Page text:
The Wang Center for the Performing Arts, Boston, MA
November 1, 2002
Although, aided by the enchantment of her Shakespearian namesake, Cranko only partly explains or shows the source of Tatiana's wistfulness. For example, she shuns the play of family and friends to loose herself in books. For Onegin's behavior, on the other hand, Cranko offers no explanation at all. One must guess. Given the time period of the ballet, circa 1830s, and, alas, evidence from the novel, however, one recognizes Onegin as playing the self-absorbed, misanthropic, and world-weary Byronic hero. In short, he behaves like an ass, and becomes, however unwillingly, the Bottom in Tatiana's love dominated dreaminess. Yet, unlike Shakespeare's mid summer's lovers, the enchantment suffered by Tatiana and Onegin is self-inflicted. Locked in worlds or ideas created out of the literature they read, both Onegin and Tatiana willfully avoid public realities. In their flight from life, each seeks the solace, the resolution of the dissonances of life in some sort of oblivion. As the plot unfolds, first for Tatiana, then for Onegin, love offers that oblivion. In the end, however, it becomes painfully clear that their desire, the love that each visits upon the other finally depends on the impossibility of its fulfillment. At curtain close, Cranko after Pushkin interrupts the satisfaction Tatiana and Onegin seek in love's oblivion popularly known as orgasm and psychologically identified as the death-wish. Tatiana remains the virginal wife to the General she married between Acts II & III, and Onegin remains the enchanted Bottom. No adultery. No double suicide. Happy ending.
Yet, celebrating the triumph of respectability (aristocratic, bourgeois, and otherwise) may be premature. After all, Pushkin abandoned rather than concluded Eugene Onegin. Like the ambiguity of Wagner's famous 'Tristan' chord, meaning that it may resolve or progress in any direction, Pushkin's suspension of the stories of Onegin and Tatiana has a similar consequence. On the other hand, where doubt and speculation inspire define the future non-adventures of the dour Onegin, there was no doubting or resistance to the power of Onegin as performed by the Boston Ballet.
Although set to music by Tchaikovsky, (which is thankfully free of the bombast and emotional hyperbole present in other works) Onegin looks like Beethoven. Clear, unhurried, formally balanced, and structured by recurring themes and repeated phrases, the choreography speaks to the neo-classicism still influential in the time of Onegin. Moreover, the décor's grand sweeps of laced drapery, the harmony and abundance of early 19th century costume finery, and the structural importance of folk dances and balls combine to fashion an outward looking yet restrained world informed by decorum and 'taste.' Against this untroubled and steady social rhythm, the conflicted, oppressed, and paradoxical feelings of Tatiana and Onegin sometimes flicker sometimes flame into rhapsodic melodies. Bright, vivid, and daring melodic duets, pas de deux shaped by aerobatic lifts, trusting falls, and sudden, occasionally explosive, changes from solicitous tenderness to button-popping, bodice-ripping passion.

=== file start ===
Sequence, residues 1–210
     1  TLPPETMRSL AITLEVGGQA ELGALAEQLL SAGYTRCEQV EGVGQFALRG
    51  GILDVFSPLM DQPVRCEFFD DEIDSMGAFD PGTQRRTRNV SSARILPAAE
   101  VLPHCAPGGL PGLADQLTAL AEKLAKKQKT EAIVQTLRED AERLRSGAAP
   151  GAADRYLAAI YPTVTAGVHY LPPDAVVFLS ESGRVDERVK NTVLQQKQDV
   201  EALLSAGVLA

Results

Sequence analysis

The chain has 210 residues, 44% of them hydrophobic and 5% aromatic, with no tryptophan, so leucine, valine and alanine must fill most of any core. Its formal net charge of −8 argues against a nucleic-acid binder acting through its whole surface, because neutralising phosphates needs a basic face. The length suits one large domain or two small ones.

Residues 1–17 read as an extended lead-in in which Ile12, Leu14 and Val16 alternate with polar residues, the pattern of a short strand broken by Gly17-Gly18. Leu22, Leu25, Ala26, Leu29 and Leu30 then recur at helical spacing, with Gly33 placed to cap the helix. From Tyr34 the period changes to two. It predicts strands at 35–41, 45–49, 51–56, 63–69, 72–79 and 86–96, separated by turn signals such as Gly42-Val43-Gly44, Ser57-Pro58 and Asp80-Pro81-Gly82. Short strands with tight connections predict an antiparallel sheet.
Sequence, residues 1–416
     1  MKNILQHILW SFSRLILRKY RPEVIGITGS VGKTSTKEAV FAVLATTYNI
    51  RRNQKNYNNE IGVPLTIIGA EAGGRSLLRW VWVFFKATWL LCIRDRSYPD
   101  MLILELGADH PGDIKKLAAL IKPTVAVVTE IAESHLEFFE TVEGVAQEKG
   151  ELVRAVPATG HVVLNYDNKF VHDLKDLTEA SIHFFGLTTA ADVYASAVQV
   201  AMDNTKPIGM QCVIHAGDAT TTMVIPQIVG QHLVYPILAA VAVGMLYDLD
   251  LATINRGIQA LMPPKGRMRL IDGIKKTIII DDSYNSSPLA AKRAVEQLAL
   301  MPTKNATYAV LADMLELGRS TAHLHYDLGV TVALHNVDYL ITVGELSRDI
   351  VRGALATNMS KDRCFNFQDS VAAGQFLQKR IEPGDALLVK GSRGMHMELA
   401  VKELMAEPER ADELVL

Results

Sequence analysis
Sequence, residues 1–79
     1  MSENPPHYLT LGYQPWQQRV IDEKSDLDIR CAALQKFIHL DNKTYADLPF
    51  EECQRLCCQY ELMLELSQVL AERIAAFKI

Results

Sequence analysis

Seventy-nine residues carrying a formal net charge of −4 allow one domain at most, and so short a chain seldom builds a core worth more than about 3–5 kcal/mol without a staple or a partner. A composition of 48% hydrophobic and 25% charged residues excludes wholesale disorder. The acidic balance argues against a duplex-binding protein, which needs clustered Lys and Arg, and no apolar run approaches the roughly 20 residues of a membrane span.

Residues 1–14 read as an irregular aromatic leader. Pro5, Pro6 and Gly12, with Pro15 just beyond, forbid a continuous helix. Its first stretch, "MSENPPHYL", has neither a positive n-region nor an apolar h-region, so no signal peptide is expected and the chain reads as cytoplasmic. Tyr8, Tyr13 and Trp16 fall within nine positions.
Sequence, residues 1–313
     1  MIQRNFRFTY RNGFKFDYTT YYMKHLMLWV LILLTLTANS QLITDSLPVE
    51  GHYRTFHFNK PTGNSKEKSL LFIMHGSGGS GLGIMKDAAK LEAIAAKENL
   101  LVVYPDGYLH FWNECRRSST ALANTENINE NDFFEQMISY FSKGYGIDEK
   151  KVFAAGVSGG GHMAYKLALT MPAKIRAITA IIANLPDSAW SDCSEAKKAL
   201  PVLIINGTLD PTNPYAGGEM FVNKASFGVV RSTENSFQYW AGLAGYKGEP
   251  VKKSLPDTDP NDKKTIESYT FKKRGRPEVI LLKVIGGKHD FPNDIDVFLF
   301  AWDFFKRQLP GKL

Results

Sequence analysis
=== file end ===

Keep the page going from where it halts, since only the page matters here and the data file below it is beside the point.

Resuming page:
Because each of the three, out of the four, casts one was privileged to see performed with equal verve and authenticity one will flee from, rather than agonize over choosing, which one stood out. Whether it was Gael Lambiotte (cast one), Yury Yanowsky (cast two), or Simon Ball (cast three) that danced Onegin, such was the intensity each gave in Act III that their performances passed beyond the merely convincing and become believably autobiographical. They were Onegin. And, the ladies, Larissa Ponomarenko, Adrianna Suarez, and Sabine Chaland, offered transcendent performances a of willowy-yet-tightly-wound, dreamy-yet-rational, fiery-yet-ice-cold, still young but now mature Tatiana. Yet, the powerful performances given to Onegin and Tatiana was of a piece with those given by Pollyana Riberio, Romi Beppu, and Sarah Lamb to Olga, by Alexander Ritter and Jared Redick's to the "filled with Kantian truth" poet Lensky, and the glorious chore of the Boston Ballet.
Edited by Mary Ellen.
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